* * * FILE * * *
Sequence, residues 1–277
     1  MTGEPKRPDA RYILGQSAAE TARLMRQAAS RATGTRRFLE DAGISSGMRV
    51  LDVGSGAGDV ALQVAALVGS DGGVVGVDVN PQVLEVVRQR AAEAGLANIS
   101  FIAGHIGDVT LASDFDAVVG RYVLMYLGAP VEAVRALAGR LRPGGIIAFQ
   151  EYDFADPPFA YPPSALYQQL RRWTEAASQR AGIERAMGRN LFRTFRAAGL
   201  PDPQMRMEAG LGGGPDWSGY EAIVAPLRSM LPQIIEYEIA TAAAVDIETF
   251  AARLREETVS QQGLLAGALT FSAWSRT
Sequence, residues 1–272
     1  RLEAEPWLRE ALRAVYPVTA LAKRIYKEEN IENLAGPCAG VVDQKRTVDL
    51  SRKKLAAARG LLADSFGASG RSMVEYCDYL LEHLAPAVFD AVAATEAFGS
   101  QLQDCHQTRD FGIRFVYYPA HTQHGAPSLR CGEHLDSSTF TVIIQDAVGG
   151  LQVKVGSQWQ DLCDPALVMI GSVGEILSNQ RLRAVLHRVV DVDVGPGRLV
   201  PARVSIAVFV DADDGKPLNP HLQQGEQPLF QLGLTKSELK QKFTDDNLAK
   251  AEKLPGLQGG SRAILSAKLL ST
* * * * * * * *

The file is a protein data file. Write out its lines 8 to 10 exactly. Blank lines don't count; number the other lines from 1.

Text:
Sequence, residues 1–272
     1  RLEAEPWLRE ALRAVYPVTA LAKRIYKEEN IENLAGPCAG VVDQKRTVDL
    51  SRKKLAAARG LLADSFGASG RSMVEYCDYL LEHLAPAVFD AVAATEAFGS